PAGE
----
Editorial: A kinder way to kill

  • Posted: Tuesday, November 19, 2013 12:59 a.m.

Eventually, Rowan County will join the majority of other North Carolina counties where animal shelters have adopted euthanization by injection and stopped using the gas chamber to kill cats and dogs.

The sooner that happens, the better. Euthanization by any means is a grim, unsatisfactory solution to the problem of stray or abandoned animals. But if communities must resort to this method of animal control — and for the foreseeable future, we will — they should choose the most humane method of killing unwanted animals. Although N.C. law allows shelters to use gas chambers for euthanization, the method is opposed by the Humane Society of the United States.


Rowan County is one of only a handful of N.C. counties that still use gas chambers as their primary way to euthanize cats and dogs. Those dwindling counties have drawn increasing attention and criticism from local and statewide animal-rights advocates, including a group of protesters who gathered at the Rowan County Courthouse Monday afternoon to lobby for change.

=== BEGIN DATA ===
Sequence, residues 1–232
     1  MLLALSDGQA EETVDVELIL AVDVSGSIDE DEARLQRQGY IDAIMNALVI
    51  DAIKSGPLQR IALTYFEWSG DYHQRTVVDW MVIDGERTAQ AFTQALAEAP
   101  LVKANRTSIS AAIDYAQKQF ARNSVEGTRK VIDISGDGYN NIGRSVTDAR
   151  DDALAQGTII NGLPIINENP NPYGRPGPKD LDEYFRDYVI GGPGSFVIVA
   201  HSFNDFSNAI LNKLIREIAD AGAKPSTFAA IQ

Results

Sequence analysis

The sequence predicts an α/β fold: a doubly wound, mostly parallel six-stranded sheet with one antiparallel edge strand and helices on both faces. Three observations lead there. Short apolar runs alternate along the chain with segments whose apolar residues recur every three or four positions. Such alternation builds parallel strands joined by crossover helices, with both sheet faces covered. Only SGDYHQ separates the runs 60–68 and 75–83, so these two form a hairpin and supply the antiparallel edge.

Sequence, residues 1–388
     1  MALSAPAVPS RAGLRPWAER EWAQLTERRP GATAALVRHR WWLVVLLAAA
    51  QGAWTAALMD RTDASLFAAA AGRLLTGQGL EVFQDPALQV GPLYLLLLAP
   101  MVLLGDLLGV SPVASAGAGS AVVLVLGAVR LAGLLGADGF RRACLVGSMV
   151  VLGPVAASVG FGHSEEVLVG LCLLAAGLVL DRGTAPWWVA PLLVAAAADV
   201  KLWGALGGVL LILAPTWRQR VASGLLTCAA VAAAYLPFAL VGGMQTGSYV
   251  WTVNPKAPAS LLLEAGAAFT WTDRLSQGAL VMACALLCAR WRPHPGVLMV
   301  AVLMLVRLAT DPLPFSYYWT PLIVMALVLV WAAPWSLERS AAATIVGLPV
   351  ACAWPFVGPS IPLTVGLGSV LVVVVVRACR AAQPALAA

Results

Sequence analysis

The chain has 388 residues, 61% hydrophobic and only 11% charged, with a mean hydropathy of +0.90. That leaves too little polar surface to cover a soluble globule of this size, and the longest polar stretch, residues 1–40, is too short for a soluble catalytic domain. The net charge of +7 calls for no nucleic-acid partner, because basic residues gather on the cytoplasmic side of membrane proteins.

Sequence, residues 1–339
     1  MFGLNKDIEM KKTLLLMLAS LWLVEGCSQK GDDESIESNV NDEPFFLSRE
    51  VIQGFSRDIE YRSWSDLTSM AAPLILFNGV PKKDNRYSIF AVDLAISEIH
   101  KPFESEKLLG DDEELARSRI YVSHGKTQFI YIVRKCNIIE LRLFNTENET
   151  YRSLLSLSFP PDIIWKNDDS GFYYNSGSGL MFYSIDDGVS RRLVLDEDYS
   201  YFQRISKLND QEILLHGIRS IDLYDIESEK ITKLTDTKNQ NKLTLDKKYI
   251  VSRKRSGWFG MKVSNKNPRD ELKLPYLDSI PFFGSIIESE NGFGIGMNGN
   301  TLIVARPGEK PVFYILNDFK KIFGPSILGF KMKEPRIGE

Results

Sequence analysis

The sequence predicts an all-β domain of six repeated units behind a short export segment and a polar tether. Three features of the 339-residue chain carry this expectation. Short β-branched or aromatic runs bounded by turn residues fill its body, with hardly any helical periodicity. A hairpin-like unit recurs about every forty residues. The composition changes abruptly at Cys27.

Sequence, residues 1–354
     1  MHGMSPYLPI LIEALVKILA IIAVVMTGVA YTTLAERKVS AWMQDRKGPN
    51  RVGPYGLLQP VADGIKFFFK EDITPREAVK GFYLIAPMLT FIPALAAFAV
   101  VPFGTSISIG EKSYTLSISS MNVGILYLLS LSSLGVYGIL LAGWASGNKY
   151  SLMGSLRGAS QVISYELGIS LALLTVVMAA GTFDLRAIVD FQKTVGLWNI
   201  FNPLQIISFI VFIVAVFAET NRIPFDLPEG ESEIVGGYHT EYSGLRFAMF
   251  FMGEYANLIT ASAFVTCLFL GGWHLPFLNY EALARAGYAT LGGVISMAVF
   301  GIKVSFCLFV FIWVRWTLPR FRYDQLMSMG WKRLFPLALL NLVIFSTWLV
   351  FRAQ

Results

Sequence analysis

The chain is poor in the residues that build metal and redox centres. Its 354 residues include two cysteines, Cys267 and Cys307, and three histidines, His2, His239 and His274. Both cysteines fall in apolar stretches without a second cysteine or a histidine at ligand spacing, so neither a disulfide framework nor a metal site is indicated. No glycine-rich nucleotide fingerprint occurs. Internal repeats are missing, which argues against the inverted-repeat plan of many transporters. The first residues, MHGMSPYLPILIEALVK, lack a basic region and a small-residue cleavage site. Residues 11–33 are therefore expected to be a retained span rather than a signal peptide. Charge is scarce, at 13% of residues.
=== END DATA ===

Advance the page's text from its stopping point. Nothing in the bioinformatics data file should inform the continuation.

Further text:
In recent months, two neighboring counties, Iredell and Cabarrus, have decided to switch from the gas chamber to lethal injections. Currently, Rowan officials are also looking at this change, after the county Board of Commissioners approved a pilot program to study the feasibility of the transition. Given that so many other areas have made this switch with positive results, surely it’s possible for Rowan County to do the same.

While animal-rights passion can help trigger change, opponents of gassing shouldn’t portray shelter employees as the villains here. Theirs is a sad, thankless task, under any condition. In most cases, except for those involving unavoidable hardship, the bad guys are irresponsible pet owners who don’t have their pets spayed and neutered, or who simply abandon unwanted animals, turning them into a communitywide problem. You can see the result not only in strays abandoned on rural roadsides but in packs of feral cats plaguing some city residents.

So long as euthanization is necessary, we should do it in the most humane way. But mass extinction of unwanted pets is a poor solution, no matter how it’s accomplished. Reducing the number of unwanted animals and promoting more adoptions are the remedies we need in the long run. A good home is a more humane option than a kinder, gentler death.

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